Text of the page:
Chilaquiles are one of many traditional Mexican recipes that evolved to make stale tortillas tastier. If you are planning to make some, you need real corn tortillas. Not Doritos. Not Fritos. Corn tortillas are cut into strips or triangles and fried in corn oil until they take a crispy texture. But shape doesn’t really matter. You won’t get the right texture if you start with already-fried chips.
Chilaquiles are typically served with a fried egg on top, or a strip of meat alongside and refried beans on the side. They’re commonly garnished with cream (not sour cream) shredded queso fresco (similar to farmers or ricotta cheese), raw onion rings, sometimes a fresh slice of avocado, and covered with a green or red sauce (not pico de gallo) made of fresh tomatoes. Usually, chilaquiles are eaten at breakfast or lunch. They are also served as the last meal at a long (epic) wedding party close to morning. Moreover, chilaquiles are often lauded as a cure for la cruda–the common hangover.
Here are some of the best places in Mexico City for heartier (and reassuring) Chilaquiles. The pronunciation is /tchil-lah-kay-less/.
Ojo de Agua
Eating healthy, and delicious is the philosophy of this small market-lunchroom. The market offers lots of organic products: fruits, seeds, honey, coffee and chocolate. Everything they serve is scrumptious, and especially the Chilaquiles, poured with your choice of homemade, organic sauce, and fresh queso (no preservatives added).
They also offer an assorted selection of natural juices, shakes and smoothies to revitalize, des-intoxicate or get rid of that cold. The atmosphere is young spirited and unpretentious and designed to show off recycled objects: lamps made from glass bottles, crates with fresh fruits; and at the center there’s a long table allowing diners to interact, and as at lots of Condesa restaurants, it’s pet friendly, too.
Citlaltépetl 23-C, col. Hipódromo Condesa
Telephone: 63 95 8000
El Péndulo is an amazing chain of bookshops in Mexico City. The one in Condesa has a lovely first floor where you can eat or drink while reading a book by the natural light from the windows. Famous for its book and cds selection, as well as for original cards, toys, games and memorabilia (for sale at the entrance), El Péndulo is known for serving some of the city’s best chilaquiles. Not too spicy, with perfect corn tortillas, they’ll come topped with your choice of green or red salsa, abundant queso fresco and cream. The El Péndulo bookstore in Mexico City is regularly included in lists of the world’s best bookstores.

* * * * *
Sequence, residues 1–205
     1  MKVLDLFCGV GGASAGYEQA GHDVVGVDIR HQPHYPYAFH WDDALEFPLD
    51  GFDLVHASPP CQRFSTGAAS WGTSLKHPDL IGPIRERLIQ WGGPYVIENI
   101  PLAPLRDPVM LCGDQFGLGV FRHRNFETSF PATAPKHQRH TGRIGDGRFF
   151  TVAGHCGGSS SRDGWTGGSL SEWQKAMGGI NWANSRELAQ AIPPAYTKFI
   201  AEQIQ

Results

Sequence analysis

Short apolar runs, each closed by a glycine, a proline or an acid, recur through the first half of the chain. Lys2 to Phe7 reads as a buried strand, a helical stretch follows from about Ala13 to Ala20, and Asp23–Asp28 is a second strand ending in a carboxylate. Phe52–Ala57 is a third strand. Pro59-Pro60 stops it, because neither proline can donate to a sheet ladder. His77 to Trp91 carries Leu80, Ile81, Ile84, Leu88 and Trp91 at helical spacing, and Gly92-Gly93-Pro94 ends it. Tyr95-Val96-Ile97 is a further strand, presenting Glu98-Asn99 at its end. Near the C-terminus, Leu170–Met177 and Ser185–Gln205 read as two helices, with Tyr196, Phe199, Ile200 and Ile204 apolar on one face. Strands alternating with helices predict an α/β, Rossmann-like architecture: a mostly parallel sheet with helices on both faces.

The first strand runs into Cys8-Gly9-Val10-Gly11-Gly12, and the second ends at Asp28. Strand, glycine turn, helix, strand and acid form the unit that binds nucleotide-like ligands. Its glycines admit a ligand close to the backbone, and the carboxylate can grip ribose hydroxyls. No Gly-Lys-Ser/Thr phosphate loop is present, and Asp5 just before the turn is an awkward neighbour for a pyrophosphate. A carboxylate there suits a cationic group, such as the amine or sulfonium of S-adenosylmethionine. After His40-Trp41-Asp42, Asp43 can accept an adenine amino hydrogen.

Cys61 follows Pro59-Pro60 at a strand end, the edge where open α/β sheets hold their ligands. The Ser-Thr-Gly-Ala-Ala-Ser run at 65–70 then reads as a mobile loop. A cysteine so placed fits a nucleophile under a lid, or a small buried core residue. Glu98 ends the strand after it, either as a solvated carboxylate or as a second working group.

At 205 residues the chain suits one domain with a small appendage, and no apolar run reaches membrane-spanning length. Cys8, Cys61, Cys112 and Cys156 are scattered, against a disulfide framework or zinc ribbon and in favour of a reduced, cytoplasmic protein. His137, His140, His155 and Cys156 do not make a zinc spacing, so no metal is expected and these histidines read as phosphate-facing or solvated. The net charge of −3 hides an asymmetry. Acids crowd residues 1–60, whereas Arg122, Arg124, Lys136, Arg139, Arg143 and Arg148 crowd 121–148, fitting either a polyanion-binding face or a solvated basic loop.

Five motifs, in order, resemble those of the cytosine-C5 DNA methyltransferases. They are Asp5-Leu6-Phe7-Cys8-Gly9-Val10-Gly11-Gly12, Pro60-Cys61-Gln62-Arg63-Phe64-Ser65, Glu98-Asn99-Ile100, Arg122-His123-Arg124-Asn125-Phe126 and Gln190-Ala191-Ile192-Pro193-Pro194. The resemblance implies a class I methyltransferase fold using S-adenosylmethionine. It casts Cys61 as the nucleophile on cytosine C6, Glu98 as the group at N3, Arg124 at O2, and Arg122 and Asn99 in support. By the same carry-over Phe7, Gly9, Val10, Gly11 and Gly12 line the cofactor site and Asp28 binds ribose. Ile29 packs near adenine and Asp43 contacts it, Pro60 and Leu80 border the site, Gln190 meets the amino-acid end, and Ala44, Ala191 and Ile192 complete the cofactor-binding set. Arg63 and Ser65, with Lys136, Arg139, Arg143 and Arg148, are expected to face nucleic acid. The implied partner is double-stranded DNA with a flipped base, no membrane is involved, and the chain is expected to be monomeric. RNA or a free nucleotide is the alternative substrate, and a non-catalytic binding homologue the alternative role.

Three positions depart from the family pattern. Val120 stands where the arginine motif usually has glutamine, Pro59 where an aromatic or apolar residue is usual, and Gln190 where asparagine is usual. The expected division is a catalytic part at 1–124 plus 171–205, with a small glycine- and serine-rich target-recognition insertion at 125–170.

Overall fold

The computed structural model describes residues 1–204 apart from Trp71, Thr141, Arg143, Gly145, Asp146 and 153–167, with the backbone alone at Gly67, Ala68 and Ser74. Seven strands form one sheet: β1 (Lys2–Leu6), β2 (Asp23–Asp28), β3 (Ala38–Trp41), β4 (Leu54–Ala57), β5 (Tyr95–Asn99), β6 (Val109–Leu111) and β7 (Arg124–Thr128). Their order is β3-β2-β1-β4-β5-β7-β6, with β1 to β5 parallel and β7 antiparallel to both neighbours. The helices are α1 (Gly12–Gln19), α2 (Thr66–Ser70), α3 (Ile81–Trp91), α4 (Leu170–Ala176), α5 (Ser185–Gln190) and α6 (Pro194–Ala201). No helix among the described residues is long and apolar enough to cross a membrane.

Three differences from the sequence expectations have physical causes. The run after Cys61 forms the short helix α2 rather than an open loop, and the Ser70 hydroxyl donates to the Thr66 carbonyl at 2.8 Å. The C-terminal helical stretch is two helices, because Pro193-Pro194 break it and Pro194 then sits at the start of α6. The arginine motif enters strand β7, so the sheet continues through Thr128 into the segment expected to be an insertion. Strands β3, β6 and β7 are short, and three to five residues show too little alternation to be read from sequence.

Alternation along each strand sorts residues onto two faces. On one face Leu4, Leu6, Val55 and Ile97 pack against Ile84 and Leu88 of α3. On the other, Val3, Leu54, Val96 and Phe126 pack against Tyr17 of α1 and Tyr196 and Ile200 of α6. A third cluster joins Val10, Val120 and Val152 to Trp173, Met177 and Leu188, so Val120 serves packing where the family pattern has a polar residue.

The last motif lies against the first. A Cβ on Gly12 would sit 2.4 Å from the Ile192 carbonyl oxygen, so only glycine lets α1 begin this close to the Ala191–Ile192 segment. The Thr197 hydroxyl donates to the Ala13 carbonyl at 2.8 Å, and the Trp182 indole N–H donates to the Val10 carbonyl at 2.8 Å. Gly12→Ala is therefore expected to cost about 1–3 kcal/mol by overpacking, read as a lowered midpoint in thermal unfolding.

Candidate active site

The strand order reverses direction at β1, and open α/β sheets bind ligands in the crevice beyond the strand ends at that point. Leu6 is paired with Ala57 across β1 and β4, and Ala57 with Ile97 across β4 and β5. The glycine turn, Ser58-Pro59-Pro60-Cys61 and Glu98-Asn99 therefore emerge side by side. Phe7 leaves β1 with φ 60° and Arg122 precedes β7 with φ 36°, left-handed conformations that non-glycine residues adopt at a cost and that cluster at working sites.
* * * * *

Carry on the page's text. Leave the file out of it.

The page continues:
Address Nuevo León 115, Colonia Condesa
Telephone: 52 86 94 93
This “ventanita” is literally a tiny window where orders are taken and food is fantastic. Seating is only outside and the place is designed to lessen the rush of Mexico City. In front of Cibeles Fountain, la Ventanita is nestled between walls of plants and greenery.
The menu is simple and delicious. They roast their own Chiapas coffee and serve excellent chilaquiles with homemade green sauce and a fried egg on top. An excellent choice for near-street level chilaquiles.
Address: Plaza Villa Madrid 13, col. Roma Norte
Phone: 55 33 64 40
La esquina del chilaquil
Tortas come in different varieties, but when La Esquina del Chilaquil (the corner of the chilaquil) decided to sell tortas at the corner of Alfonso Reyes and Tamaulipas in colonia Condesa, they never expected to see lines of people waiting to eat this delicious Mexican specialty. But that’s what happened. It’s a meal in itself. Try the torta filled with Chilaquiles, deep-friend chicken breast, refried beans, and cream and queso fresco. Preparation alone provides quite a spectacle. There’s always a queue but it’s definitely worth the wait. Opens 363 days a year, excluding Dec. 25th and Jan. 1st.
Address: Alfonso Reyes 145, Hipódromo, Condesa
“Shabby-chic” at its heart, La Lorena is decorated in white and blue, has an eclectic menu where their homemade scones are the stars of the menu. However, the Michellin Star was won by the Chilaquiles, served – a la nouveau cuisine – prepared with crispy fine tortilla strips topped with a an organic homemade fresh sauce. “The only possible magic is the friendliness that comes from the heart”.
Address: Monte Libano No. 265, Lomas de Chapultepec.
Telephone: 52 02 45 94
The main idea of this restaurant was to create an authentic “lonchería” and give to Condesa an eatery where people can feel they are a part of the ‘barrio’. Chilaquiles here are scrumptious, and so abundant you’ll need to walk them off. Served with lots of queso fresco and cream, you can order them with Arrachera (a cut of juicy beef), eggs (scrambled or fried), or try los Divorciados split with green and red tomato sauce.
Chilaquiles and all dishes are served in peltre, enamel-ware previously reserved for Mexican lower classes.
Address: Saltillo 73, col. Hipódromo Condesa
Phone: 52 11 61 78
Located at the foot of the famous Ermita building, this restaurant opened two years ago. Great Mexican kitsch design, a wide variety of chilaquiles and sauces, from mild to super spicy (try the sauces before ordering), huge portions, low prices ($100 MXP per person), and friendly service, make of Chilakillers the place, par excellence, where you can enjoy this typical Mexican dish. Whether you order them with beef, Arrachera meat, eggs, nopal (cactus), or rib beefsteak, you are in for a delicious typical Mexican dish. The sauces – green, red, bean, chipotle, mole or super spicy- are the best. For carbohydrate lovers, nothing like a tortas of chilaquiles (you know, the typical Mexican crispy on the outside, soft on the inside bread, a variation of the baguette), while protein lovers can order an omelet stuffed with chilaquiles. No, it’s not a requisite to have a hangover to enjoy this restaurant. After a night of excesses it sure tastes good to accompany your chilaquiles with an ice-cold beer. Cheers!
Address: Avenida Revolución 23, col. Tacubaya
2016 was a banner year, not just for good eats and good coffee, but for seeing some of our old favorites really come into their own. Hopefully not lost in all of the rave reviews were these ten top-notch new restaurants – perhaps the best New Restaurants of the past year. As we see it, these are the ones who are just getting going.